September 24, 2010
Taurus' new pistol has lots of high-end features without the high price tag.
As big a fan as I am of the 1911 pistol, there are times I get tired of it. John Browning's design is difficult to improve upon, and the patents on the pistol are long expired, so it is easier for firearms manufacturers to build a proven design than it is to design and build something new.
So when I walked through last year's big firearms trade show and past all the 1911-style pistols, I found that most didn't interest me. Except for the individual features on each gun (sights, safety levers, magazine wells), they were basically all the same.
But as I wandered through the Taurus booth, mostly looking at revolvers, I happened to notice a table displaying several 1911 pistols. I picked one up to check it out and noticed that the gun had all the features one would want on a fighting handgun: hard rubber grips, ambidextrous safety, high visibility sights. As a matter of fact, the sights looked like Heinie Specialty's Straight 8 sights, which are normally found on expensive, high end handguns.
The three-hole aluminum trigger has a serrated face. It broke the scales at just under five pounds and had a snappy reset.
As I was examining the gun, Taurus' Chuck Fretwell walked up and asked if I had any questions. I looked at him and asked, "Yeah, how much does this thing cost?" When he told me it retailed for less than $600 [Editor's note: Current suggested list is $700, with street price less than that], that caught my attention, so I ordered up a test sample to find out if such an inexpensive gun with so much promise was any good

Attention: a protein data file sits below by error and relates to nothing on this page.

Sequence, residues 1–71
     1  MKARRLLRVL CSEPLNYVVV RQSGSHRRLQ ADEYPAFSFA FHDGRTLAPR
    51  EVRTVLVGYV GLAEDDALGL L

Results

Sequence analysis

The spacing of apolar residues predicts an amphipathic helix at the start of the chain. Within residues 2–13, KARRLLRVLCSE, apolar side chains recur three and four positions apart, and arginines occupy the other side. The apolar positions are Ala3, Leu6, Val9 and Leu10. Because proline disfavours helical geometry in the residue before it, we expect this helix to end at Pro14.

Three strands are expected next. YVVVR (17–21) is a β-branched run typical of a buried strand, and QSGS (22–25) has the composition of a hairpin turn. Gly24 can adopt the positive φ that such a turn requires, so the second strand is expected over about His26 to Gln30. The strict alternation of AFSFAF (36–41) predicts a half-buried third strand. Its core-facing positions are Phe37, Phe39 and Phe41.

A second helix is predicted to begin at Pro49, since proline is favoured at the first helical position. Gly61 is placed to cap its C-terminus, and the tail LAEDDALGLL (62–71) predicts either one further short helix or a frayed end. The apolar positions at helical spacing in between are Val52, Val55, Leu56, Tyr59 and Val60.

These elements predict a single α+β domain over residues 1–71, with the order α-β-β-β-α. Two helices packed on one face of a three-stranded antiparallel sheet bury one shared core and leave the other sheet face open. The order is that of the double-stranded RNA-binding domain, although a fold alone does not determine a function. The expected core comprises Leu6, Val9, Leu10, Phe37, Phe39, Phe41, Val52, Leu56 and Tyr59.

Taurus says its 1911 offers 19 standard features for which other manufacturers would charge more than $1,000. In addition, each gun is individually hand-assembled, hand-mated and hand-fitted.
When my test gun arrived, I took it from the box and noted that its flat black finish was not at all attractive but very business-like. To tell you the truth, an attractive bright blue finish really does not interest me on a carry gun, so the flat black color was just fine with me.
I immediately disassembled the gun with the bushing wrench that was supplied with the gun to inspect the internal components. Taurus uses a full length recoil guide rod on the pistol, and while this is one of those topics that many writers like to debate the fact is that I don't care if it has a short or long rod—provided the gun will run. Yes, it is more difficult to field strip, but when I do this type of thing I am not in a hurry, so I don't find this to be a big deal.
The author installed an old mag-well funnel on the gun for easier reloading, but since it didn't allow the bumpered Taurus mags to work in the gun, he removed the funnel for testing.
A close look at the parts revealed that they were of the Series 80 design, but they fit well together with just a few machine marks—nothing I thought would seriously affect the gun's performance. Taurus claims that all "major components" are custom forged from ordnance steel, but I have no idea what they consider "major components." The barrel is highly polished and nicely throated and the slide to frame fit quite precise.
The Taurus 1911 comes in two frame styles: traditional rounded dust cover and accessory rail.